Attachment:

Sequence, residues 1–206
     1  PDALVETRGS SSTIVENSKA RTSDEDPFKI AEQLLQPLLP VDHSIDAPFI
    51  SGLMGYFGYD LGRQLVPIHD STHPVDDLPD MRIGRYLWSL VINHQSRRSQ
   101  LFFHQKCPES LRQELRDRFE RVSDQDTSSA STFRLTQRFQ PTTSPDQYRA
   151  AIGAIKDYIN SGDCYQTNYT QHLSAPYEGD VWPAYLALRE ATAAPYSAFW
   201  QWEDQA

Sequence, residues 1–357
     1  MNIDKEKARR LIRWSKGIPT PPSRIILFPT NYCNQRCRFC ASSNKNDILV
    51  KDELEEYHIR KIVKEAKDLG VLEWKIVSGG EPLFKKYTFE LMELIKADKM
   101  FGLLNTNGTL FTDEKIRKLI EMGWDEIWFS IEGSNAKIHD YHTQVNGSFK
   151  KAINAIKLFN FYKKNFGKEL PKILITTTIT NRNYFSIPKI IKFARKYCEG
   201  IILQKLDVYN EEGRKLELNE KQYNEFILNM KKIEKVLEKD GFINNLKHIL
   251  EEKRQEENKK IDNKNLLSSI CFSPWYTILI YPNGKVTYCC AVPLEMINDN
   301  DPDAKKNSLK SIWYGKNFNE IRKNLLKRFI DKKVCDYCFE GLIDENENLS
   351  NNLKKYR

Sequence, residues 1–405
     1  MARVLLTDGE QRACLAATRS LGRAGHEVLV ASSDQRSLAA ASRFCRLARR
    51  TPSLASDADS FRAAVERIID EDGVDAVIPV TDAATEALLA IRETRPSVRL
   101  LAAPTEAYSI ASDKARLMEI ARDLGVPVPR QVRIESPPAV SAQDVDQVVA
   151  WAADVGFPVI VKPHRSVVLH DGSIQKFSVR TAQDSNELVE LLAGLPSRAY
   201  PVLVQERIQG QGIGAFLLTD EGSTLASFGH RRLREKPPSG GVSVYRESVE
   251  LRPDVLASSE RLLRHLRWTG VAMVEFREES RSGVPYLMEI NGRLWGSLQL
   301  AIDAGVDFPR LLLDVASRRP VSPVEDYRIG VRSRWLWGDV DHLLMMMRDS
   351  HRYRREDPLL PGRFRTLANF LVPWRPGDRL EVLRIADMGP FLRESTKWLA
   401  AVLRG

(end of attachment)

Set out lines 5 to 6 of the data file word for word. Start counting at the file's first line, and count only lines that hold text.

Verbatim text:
   151  AIGAIKDYIN SGDCYQTNYT QHLSAPYEGD VWPAYLALRE ATAAPYSAFW
   201  QWEDQA